The start of the semester is a time when we are bound to notice, examine and reflect on the effects of change: the leaves change color, the temperature drops, daylight hours slip away, different classes dictate the course of our day-to-day and entirely new faces start to seem like familiar ones.
Some of these adjustments are easier than others, but few can be made without some measure of effort. It is often those that are most trying that lead to the greatest wisdom and personal growth. In a backwards way, struggle is what leads to strength, and that strength can serve to help one find some element of the struggle to appreciate. And the recent death of the dean of the University of Maine Honors College Charlie Slavin has made for a difficult transition, not to mention is a tragedy in and of itself, in the face of which students, faculty, and the university community at large are united in grief, as well as in determination to preserve his legacy.
The UMaine community has keenly felt the loss of Slavin since he died unexpectedly on July 30. First the director of the honors program and, as the program grew under his care, later named dean of the eventual Honors College, Slavin was clearly a man whose efforts toward promoting the value of liberal education had a profound effect on the studies and the lives of the students whose paths he crossed. And as members of the university where he worked and invested so much of his time and energy, where so many were deeply affected by his presence and are struggling to adjust to his absence, the question is: How can we hope to sufficiently honor his memory? How can we preserve our personal memories of the man, and how can we work to perpetuate his mission?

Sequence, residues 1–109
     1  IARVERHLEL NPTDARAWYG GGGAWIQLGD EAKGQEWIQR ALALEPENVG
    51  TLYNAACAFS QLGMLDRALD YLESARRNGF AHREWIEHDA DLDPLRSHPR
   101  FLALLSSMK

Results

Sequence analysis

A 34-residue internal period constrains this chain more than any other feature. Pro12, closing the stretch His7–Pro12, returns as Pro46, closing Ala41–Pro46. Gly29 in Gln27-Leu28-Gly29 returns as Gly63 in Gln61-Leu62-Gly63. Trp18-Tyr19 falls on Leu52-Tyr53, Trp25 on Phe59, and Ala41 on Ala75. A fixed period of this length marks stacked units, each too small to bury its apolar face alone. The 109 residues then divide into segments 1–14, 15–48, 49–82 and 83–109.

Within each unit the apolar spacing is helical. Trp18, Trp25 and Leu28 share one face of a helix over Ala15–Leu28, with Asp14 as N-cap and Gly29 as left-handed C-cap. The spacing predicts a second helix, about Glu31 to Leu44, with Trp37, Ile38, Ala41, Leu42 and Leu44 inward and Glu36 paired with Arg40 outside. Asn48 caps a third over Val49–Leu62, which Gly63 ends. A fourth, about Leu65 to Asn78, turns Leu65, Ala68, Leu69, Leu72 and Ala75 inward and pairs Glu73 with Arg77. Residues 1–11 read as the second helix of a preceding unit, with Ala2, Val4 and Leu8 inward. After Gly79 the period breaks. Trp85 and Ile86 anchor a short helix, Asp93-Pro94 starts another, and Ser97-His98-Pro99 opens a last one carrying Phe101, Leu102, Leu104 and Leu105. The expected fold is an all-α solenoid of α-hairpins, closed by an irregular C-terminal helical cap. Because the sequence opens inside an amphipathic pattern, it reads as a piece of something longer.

A memorial fund has been established in Slavin’s name, so that people who knew him and want to express their appreciation for his contributions to UMaine, or people who simply share his passion for promoting liberal arts studies, can make donations in his memory. It is our hope that these donations will be routed toward a direct benefit to the Honors College, which Slavin captained for 15 years, and to which he was truly and astoundingly dedicated.
As further testament to his vast influence, a tree will be planted in Slavin’s honor by the Class of 2012 in their class garden, next to the New Balance Student Recreation Center. The Honors College, largely the product of Slavin’s vision and determination, will dedicate to him its 2012 publication of their magazine, MINERVA. And the National Collegiate Honors Council will dedicate its 2012 journal to Slavin as well, in addition to recognizing him at its national conference in Boston this November. The shared enthusiasm for the intrinsic value of learning, and for the part Slavin played in its promotion, is evident in the scope of the celebration of his life, and his accomplishments.
Slavin was many things — he was a crusader for the cause of knowledge for its own sake, a mentor, a teacher, a colleague, a father, a friend. He will forever be remembered as a fundamental facet of the success of this school, its students and their studies. It is the continuation of their success through which his legacy will live on. Honor his memory by being excellent, continuing to strive for enlightenment through scholarship, and inspiring others to do the same.